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Black banded birch aphidOn this page: Identification & Distribution Biology & Ecology: Competition / coexistence Ant attendance Natural enemies Other aphids on the same host
Identification & Distribution:
Callipterinella calliptera apterae (see first picture below) are yellowish green to bluish-green, usually with dark transverse bands on all tergites. The antennal terminal process is about 1.75 times the length of the base of the last antennal segment. The body length of Callipterinella calliptera apterae is 1.5-2.5 mm.
Black banded birch aphids are found in ant-attended groups on the young shoots and under leaves of birch (Betula spp.), sometimes inside leaves sewn up by lepidopterous larvae. Callipterinella calliptera is found on both silver birch (Betula pendula) and downy birch (Betula pubescens) in Europe, and on other birch species in east Asia. Oviparae and alate males occur in September-October. It occurs throughout Europe and across Asia, and has been introduced to North America.
Biology & Ecology:
Callipterinella calliptera seems to be rather less common in Britain than its congener, Callipterinella tuberculata. We have only found Callipterinella calliptera once, at Burton Pond Nature Reserve in West Sussex on Betula pendula. It was ant attended and feeding openly on a birch leaf.
Most of what we know about the ecology of Callipterinella calliptera comes from studies carried out on three sympatric aphid species of European origin (Callipterinella calliptera, Euceraphis betulae and Betulaphis brevipilosa) feeding on Betula pendula in northern California. Hajek & Dahlsten (1988) described the ecology of Callipterinella calliptera in California. The species overwinters as eggs on the wood of dormant trees. Its eggs are laid in cracks and crevices, in leaf scars and under the apices of bracts of male catkins and on branch terminals. Callipterinella calliptera populations increased during late summer while feeding on mature leaves.
Competition / coexistence
Hajek & Dahlsten (1986) studied resource partitioning by the three introduced species. Resources were partitioned by plant part, feeding sites within leaves and leaf phenological state. Overall niche overlap between species reached a maximum of 50% between Betulaphis brevipilosa and Callipterinella calliptera. Co-occurrence of Euceraphis betulae with both other species on leaves was random while Callipterinella calliptera and Betulaphis brevipilosa were more likely to occur together. California populations of Euceraphis betulae and Betulaphis brevipilosa appeared to utilize resources in a fashion similar to endemic Danish populations. This was not the case for Callipterinella calliptera because Danish (? European) populations usually feed inside leaves silked together by spiders or Lepidoptera whilst in California Callipterinella calliptera also commonly feed on exposed leaf surfaces. Hajek & Dahlsten concluded that Callipterinella calliptera had expanded its endemic niche, and by doing so occupied the most generalized niche of the three species studied.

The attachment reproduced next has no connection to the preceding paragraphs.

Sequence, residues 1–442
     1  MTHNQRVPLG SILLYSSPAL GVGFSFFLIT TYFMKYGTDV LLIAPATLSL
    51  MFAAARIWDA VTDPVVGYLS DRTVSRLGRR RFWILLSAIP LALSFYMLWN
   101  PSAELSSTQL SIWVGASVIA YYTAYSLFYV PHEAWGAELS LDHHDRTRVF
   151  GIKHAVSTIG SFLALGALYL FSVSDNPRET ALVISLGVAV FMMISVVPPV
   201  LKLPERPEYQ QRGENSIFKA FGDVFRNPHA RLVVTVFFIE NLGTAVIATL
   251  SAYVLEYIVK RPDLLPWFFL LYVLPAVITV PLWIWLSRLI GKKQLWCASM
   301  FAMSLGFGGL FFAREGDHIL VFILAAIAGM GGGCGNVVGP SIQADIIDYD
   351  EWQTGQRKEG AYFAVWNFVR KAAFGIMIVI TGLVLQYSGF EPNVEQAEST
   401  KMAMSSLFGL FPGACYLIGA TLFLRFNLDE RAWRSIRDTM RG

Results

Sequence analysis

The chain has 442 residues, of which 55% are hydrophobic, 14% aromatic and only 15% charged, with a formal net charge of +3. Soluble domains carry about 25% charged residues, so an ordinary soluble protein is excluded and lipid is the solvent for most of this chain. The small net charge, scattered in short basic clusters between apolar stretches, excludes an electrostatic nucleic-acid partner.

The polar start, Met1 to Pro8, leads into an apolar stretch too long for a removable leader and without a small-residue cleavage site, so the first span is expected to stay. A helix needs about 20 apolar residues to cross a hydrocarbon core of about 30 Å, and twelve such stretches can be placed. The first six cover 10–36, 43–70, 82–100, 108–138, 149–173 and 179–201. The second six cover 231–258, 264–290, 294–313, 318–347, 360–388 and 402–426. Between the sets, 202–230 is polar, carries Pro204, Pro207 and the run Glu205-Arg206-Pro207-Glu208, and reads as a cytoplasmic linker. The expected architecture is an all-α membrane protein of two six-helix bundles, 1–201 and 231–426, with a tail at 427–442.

However, the only time we have found Callipterinella calliptera in Britain it was feeding openly on a birch leaf. Despite examining many leaves sewn up by lepidopterous larvae, we have been unable to find any black-banded birch aphids enclosed within them. So perhaps the habit of living inside sewn up leaves is not as general in European populations as previously supposed.
Hajek & Dahlsten (1988) noted that Callipterinella calliptera was the only ant attended aphid of the three aphid species studied, and that it developed the largest populations of the three. The viviparous females that we found in Britain were attended by Formica fusca (see picture below).
Formica fusca is not commonly reported in mutualistic relations with aphids. In USA this ant species was instead found to be preying on the aphids (Aphthargelia symphoricarpi) such that, in experiments, ant predation reduced both the growth rate and the density of aphid populations (Andersen, 1991 ). But other authors have found Formica fusca in mutualistic relationships with aphids. For example, Addicott (1979) found that low density populations of Aphis helianthi and Aphis varians tended by Formica fusca were less likely to decline than untended populations.
Hajek & Dahlsten (1987) looked at predation of birch aphids by the coccinellid Adalia bipunctata, the most common aphid predator on silver birch in northern California. Active escape behaviour was more effective for aphids than passive avoidance of detection. Fourth instars of Callipterinella calliptera escaped from coccinellid larvae more frequently when approached from the front, apparently using vision for pre-contact detection of the coccinellid. Level of predation on three aphid species was dependent upon types of aphid defense. Callipterinella calliptera was not as efficient at avoiding capture as Euceraphis betulae. Callipterinella calliptera seldom kicked predators or dropped from leaves, although predators were often sensed by aphids without contact and aphids usually just walked away from them. Nevertheless, both aphid instars were readily captured by fourth instar larval coccinellids.
Other aphids on same host:
Blackman & Eastop list about 72 species of aphids as feeding on birches worldwide, and provides formal identification keys for aphids on Betula.